For a Pistol Annie's sophomore album, the timing is just right
Every so often, an album by a female vocalist comes around that makes a truly lasting impact. Emmylou Harris's "Roses In The Snow," Reba McEntire's "Whoever's In New England" or Lee Ann Womack's "There's More Where That Came From" are all albums that have not only stood the test of time, but have also influenced other women in the format along the way.
"Like A Rose," the upcoming project from Warner Music's Ashley Monroe could very well fall in that category. Many critics who have heard the album -- due March 5, have uttered similar statements. The Pistol Annies member says she loves hearing comments such as those, but admits "Those are big statements. I am so proud that everyone is liking it," she tells Billboard.
Monroe's life has had quite the ingredients for a country song thus far. Born in East Tennessee, she counts Country Music Hall of Fame members the Carter Family and Carl Smith as relatives, and was influenced by the true legends of the business, such as Dolly Parton. Her father passed away when Monroe was 13, inspiring her to further put her feelings into song. She was signed by John Grady to Sony in the early 2000s, and completed the disc "Satisfied." However, the Sony - BMG merger prevented her album from being released. But, the cream always rises to the top, and Monroe kept writing and kept singing, and looking back, she feels things worked out the way it was supposed to.
"I was talking to my mom the other day, and I just told her that I think God had it figured out. I had definitely been bummed when my first record didn't get the proper release, but so any great things have happened since. I've grown as a human being, and been able to make so many great friends in the business, and collaborate. I think this is the perfect timing and the perfect record to represent me."
Helping steer Monroe on the album was her producer, the legendary Vince Gill. "His passion for everything that country music is, and everything that it stands for reminds me of why I'm so passionate about it."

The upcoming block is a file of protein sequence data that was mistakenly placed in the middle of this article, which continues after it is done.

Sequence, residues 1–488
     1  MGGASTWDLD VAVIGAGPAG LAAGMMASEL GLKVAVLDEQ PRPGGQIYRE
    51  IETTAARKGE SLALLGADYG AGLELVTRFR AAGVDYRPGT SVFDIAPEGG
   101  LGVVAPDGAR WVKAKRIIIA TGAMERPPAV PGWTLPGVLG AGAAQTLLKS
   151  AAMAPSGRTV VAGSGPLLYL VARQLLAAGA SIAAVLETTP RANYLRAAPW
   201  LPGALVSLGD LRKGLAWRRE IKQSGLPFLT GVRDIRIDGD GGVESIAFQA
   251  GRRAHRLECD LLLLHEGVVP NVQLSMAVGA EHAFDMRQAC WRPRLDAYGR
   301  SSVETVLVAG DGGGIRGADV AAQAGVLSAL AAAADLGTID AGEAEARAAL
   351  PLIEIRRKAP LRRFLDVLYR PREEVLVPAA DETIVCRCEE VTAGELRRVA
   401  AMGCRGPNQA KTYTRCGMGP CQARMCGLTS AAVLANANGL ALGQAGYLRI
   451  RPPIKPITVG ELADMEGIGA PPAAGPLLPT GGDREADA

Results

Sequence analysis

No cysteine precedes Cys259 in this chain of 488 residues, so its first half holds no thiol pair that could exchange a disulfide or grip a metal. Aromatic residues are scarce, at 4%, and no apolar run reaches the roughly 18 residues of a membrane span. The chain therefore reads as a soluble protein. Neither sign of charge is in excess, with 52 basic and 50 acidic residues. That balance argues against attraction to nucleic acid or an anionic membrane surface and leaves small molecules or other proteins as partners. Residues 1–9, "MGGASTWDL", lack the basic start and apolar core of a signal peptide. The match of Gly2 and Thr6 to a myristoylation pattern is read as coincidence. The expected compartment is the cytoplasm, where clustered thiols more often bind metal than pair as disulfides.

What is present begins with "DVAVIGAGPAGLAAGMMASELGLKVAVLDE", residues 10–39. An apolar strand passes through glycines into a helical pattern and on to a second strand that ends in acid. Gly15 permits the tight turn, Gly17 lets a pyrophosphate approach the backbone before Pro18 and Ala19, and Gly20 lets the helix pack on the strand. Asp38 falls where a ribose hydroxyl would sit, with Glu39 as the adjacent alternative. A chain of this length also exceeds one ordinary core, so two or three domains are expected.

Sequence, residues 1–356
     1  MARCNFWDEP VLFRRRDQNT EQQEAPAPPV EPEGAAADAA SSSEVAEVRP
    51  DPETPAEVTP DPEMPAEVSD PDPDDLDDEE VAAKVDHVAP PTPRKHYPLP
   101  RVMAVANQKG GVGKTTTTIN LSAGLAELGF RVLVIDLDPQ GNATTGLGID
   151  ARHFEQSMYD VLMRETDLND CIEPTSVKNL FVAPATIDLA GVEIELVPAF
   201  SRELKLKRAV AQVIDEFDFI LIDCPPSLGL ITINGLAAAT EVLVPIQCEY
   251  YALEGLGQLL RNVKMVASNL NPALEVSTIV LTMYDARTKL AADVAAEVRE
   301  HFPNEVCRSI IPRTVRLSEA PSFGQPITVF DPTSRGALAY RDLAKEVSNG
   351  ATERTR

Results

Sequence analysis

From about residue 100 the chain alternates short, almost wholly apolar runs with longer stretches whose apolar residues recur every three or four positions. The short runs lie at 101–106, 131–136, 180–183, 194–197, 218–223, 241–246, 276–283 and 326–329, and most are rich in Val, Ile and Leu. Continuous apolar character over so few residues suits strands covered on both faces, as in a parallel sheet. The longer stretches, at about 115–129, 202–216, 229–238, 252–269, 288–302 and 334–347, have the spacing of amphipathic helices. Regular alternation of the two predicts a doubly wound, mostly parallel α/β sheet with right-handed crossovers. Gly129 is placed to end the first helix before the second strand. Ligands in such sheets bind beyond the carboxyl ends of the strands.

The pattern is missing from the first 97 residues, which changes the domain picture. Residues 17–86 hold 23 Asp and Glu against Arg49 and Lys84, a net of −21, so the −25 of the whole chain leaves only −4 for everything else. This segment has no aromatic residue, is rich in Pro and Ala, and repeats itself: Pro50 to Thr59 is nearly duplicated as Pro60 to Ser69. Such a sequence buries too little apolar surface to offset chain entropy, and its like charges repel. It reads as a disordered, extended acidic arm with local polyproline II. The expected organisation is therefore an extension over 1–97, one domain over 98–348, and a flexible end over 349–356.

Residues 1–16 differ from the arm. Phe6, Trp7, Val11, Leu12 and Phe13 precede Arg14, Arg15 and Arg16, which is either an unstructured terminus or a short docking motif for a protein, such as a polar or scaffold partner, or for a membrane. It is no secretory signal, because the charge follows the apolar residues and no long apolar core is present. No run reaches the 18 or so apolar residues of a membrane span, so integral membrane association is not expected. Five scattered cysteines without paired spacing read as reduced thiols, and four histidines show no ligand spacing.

As a fan of the format, Monroe confesses it was an incredible experience working with Gill. "I recorded it at his house, and Amy Grant would make these appetizers and cook food for lunch, so she's walking around with this apron on. I would literally pull up every morning, and I would give myself a pep talk, saying 'OK, Ashley, they are normal people. They love you. Just be yourself. Don't pass out. Anytime I see him, I get chills because his presence is so strong, and throw in the fact that he loves me is a pretty overwhelming feeling," she says with a smile.
Composing the album's title cut was also a huge thrill for the songstress, writing with Guy Clark.
"I was trying to pitch him my best ideas," she recalls, "and he just looked up at me, and said 'Tell me about you.' So, I started to tell him about myself, about my dad dying, and told him all these things, and at the end, I said, 'But, look, I turned out like a rose.' I don't know why I said that, I guess it was a nervous way to wrap up my story. He looked at me and said, 'Well, why don't we just write that.' She hopes the lyrics will touch listeners. "Every time I sing that, I get chills and start to cry, because it is so true. I think everyone has their story. We all go through things. You can do that. You just enjoy all the adventures and the heartache, and it's all worth it in the end."
On the other end of the spectrum is the old-school sounding "You Ain't Dolly, You Ain't Porter," a duet with Blake Shelton. Monroe says the idea came straight from Dolly herself.
"Vince had come up with the idea one night when he was on stage with Dolly. She was singing the Patty Loveless part on one of their songs, and she said 'I know, I'm not Patty....But you ain't Porter!' He kind of locked that into his memory. He called me a couple of days later with the idea. So, we wrote it, then re-wrote it, and tried to come up with the idea of who to do it with. It was obvious that it had to be Blake. He and I are buddies, and have been for a long time. He's like a brother, but we joke around like that a lot constantly. It was perfect, just like it should have been."
Perfect. That's also a word we'd use to describe the album. You'll understand why on March 6.
- The 615